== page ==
Can a digital badge lead to a more dynamic company?

sociometricbadgeA startup called Sociometric Solutions wants to help you understand a lot more about how your workplace works: which departments never interact, where people tend to congregate for casual conversations, and which team members seem to talk but never listen. (Just in case you didn’t know that already.) The company makes a badge packed with sensors that is worn around your neck on a lanyard. It’s typically used for short-term data collection within an organization. And companies like Bank of America and Cubist Pharmaceuticals have already been using the Sociometric badge, in combination with records about who tends to e-mail whom, to get a more nuanced understanding of employee communication and interaction.

Cubist, for instance, found that employees really loathed eating lunch at the company cafeteria, so they tended to leave the building or eat at their desks. That led to a big initiative to refurbish the cafeteria and bring in a new food vendor, since the company wanted to encourage lunchtime conversations. Bank of America used the technology to find that worker stress levels were lower in its call centers when people could take breaks together and socialize. Scheduling adjustments made that possible. And simple seating changes, Sociometric has found, can have a major impact on information flows between teams or departments. “Forty to sixty percent of your interactions happen with people who sit near you,” says Sociometric CEO Ben Waber.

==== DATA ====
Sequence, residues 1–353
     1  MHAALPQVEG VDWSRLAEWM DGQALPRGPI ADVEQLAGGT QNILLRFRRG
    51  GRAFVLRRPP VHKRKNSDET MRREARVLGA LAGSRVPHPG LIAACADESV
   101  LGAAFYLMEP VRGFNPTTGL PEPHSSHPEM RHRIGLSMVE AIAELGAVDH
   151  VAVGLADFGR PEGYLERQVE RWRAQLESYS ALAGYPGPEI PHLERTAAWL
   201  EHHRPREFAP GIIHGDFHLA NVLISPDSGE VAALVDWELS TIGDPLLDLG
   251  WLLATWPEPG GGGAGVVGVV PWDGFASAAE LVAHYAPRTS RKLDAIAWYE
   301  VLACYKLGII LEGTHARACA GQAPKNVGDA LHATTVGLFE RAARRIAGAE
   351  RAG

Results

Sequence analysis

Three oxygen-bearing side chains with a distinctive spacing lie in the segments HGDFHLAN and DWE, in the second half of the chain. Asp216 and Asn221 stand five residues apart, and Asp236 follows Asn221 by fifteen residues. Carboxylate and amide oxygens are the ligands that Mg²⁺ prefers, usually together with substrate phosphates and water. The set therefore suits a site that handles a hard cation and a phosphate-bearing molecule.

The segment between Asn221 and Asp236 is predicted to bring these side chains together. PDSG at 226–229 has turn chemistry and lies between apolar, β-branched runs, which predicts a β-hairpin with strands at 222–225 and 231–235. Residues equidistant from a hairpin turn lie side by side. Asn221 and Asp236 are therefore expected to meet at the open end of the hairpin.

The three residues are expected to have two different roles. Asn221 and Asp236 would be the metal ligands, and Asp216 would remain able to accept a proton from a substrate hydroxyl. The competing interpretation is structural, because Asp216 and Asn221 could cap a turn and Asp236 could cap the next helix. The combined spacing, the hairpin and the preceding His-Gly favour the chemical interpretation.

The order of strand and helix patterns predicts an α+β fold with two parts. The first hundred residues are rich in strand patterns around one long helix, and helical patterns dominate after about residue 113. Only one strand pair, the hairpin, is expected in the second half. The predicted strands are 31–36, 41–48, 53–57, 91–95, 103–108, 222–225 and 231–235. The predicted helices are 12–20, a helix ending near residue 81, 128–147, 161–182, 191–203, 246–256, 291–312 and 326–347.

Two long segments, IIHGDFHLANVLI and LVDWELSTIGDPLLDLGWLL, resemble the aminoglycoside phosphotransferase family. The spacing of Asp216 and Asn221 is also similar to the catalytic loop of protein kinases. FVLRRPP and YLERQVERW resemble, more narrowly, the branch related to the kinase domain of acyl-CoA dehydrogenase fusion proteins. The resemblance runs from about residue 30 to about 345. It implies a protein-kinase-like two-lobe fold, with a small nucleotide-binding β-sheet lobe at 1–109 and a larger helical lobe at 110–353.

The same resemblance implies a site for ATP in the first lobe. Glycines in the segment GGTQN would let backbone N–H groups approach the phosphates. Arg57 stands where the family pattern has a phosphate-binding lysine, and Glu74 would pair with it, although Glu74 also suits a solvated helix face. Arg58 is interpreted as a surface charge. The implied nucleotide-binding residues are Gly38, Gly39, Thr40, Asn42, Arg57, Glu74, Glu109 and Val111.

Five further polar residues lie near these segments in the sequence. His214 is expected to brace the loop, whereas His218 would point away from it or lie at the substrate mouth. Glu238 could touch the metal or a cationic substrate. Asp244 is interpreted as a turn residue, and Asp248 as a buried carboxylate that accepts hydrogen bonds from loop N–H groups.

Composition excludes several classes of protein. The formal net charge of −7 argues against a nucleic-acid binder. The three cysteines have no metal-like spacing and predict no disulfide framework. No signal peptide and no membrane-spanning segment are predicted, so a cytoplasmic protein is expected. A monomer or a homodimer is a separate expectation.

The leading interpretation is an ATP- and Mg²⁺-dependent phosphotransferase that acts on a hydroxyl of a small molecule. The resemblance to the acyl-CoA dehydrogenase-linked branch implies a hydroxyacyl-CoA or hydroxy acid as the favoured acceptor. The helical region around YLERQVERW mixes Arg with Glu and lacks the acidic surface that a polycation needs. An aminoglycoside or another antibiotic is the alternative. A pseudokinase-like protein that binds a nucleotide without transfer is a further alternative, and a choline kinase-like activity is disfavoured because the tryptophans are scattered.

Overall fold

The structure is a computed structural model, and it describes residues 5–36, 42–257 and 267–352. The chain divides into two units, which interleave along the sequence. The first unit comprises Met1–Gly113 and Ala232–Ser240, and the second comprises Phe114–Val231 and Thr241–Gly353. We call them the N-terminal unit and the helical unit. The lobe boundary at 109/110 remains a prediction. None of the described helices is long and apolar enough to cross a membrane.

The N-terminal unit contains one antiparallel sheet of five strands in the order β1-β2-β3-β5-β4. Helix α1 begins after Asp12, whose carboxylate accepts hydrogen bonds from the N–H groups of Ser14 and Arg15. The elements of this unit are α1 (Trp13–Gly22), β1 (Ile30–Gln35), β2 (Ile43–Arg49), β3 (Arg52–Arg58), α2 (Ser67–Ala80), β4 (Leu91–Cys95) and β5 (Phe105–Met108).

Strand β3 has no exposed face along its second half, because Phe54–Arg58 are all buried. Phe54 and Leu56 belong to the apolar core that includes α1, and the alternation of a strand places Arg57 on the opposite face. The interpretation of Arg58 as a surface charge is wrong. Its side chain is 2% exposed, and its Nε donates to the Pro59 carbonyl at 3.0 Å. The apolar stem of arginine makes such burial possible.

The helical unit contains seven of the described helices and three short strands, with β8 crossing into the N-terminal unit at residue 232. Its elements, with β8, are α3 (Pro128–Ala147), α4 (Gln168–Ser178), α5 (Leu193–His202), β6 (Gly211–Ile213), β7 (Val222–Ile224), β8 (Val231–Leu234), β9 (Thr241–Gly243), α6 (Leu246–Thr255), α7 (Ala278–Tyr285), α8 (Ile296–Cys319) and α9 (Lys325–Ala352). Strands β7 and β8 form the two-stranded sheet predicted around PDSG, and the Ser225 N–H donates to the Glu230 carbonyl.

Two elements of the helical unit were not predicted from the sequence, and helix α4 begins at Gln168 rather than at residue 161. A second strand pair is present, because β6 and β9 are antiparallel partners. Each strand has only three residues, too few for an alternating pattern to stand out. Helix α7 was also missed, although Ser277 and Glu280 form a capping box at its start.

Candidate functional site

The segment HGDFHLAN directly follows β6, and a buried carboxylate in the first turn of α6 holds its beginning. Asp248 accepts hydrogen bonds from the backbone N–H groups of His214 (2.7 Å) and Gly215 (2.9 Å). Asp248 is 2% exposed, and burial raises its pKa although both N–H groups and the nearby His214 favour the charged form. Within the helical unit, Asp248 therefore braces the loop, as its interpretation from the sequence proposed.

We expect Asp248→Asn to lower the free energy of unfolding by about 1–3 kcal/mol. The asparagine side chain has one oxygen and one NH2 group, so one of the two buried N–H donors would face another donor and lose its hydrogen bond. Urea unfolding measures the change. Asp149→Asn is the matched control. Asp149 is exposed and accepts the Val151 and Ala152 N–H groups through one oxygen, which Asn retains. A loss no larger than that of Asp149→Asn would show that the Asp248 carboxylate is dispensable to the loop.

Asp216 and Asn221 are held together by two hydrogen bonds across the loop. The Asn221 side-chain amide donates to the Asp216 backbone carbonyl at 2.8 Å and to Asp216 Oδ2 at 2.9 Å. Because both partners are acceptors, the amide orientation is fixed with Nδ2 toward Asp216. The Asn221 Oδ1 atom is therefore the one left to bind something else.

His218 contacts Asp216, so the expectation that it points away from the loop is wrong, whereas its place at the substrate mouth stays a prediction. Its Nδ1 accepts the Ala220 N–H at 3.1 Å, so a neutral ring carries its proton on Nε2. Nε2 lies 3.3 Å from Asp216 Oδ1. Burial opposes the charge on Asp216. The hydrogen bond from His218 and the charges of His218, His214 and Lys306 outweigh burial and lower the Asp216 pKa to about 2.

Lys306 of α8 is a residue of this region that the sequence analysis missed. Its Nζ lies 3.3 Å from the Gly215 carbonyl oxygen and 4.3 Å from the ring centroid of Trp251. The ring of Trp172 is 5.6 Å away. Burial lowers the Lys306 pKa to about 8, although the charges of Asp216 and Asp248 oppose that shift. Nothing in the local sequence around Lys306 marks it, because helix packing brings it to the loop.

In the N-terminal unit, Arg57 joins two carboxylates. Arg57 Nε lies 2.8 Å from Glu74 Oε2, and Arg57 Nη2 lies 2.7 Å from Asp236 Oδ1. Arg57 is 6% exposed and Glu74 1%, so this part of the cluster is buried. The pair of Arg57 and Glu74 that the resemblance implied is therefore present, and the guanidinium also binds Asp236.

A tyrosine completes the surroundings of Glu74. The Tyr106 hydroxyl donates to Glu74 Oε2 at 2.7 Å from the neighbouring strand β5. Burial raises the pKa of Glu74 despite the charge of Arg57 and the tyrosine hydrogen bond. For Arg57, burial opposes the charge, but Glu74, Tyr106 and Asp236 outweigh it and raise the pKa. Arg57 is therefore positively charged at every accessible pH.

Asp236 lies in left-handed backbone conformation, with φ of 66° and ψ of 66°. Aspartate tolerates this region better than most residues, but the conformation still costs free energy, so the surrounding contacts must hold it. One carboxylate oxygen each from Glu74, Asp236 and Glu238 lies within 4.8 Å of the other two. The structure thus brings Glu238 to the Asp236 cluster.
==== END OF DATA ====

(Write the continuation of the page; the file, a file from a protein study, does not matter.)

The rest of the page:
Waber envisions using the tags to create a more dynamic organization that continually learns from how its best-performing teams and people work, and spreads that around. “We think companies should be able to experiment, the way Amazon does with its homepage. They’re constantly testing different designs and presentations to find the ones that are most likely to get you to buy, and then roll that out with all of their users. So with our data, people will be able to say, ‘Let’s change the way these 30 people work or are incentivized, or change the layout of one store, and see what the impact is. Today, the clock speed for that is very slow. You send consultants out to observe people, interview them, and figure out, for instance, how the best salespeople operate and try to spread that around. But what we’re moving toward is continuous data collection and feedback. People need to be managed at the clock speed at which their industry changes.”

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